WASHINGTON (Reuters) – Alphabet Inc’s Google unit won approval from U.S. regulators to deploy a radar-based motion sensing device known as Project Soli.
Google signage is seen at the Google headquarters in the Manhattan borough of New York City, New York, U.S., December 19, 2018. REUTERS/Shannon Stapleton
The Federal Communications Commission (FCC) said in an order late on Monday that it would grant Google a waiver to operate the Soli sensors at higher power levels than currently allowed. The FCC said the sensors can also be operated aboard aircraft.
The FCC said the decision “will serve the public interest by providing for innovative device control features using touchless hand gesture technology.”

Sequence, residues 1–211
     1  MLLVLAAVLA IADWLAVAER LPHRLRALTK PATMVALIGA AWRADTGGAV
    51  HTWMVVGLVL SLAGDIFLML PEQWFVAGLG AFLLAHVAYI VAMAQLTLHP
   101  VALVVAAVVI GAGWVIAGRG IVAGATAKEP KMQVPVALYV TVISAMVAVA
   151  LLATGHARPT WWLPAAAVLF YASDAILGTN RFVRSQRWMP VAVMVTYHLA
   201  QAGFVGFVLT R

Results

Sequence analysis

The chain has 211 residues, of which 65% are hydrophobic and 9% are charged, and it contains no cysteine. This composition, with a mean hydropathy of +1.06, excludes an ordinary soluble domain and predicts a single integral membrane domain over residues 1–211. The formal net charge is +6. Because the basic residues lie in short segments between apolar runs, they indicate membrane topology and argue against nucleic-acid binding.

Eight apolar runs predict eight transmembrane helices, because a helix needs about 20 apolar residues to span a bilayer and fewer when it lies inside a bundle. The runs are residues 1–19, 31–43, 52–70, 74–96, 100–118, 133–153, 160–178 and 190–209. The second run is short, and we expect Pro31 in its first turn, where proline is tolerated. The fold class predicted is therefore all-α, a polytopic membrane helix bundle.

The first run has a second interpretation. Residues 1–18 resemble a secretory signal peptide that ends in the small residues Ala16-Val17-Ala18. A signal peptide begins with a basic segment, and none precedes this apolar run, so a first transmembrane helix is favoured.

A Google spokeswoman did not immediately comment on Tuesday, citing the New Year’s Day holiday.
The FCC said the Soli sensor captures motion in a three-dimensional space using a radar beam to enable touchless control of functions or features that can benefit users with mobility or speech impairments.
Google says the sensor can allow users to press an invisible button between the thumb and index fingers or a virtual dial that turns by rubbing a thumb against the index finger.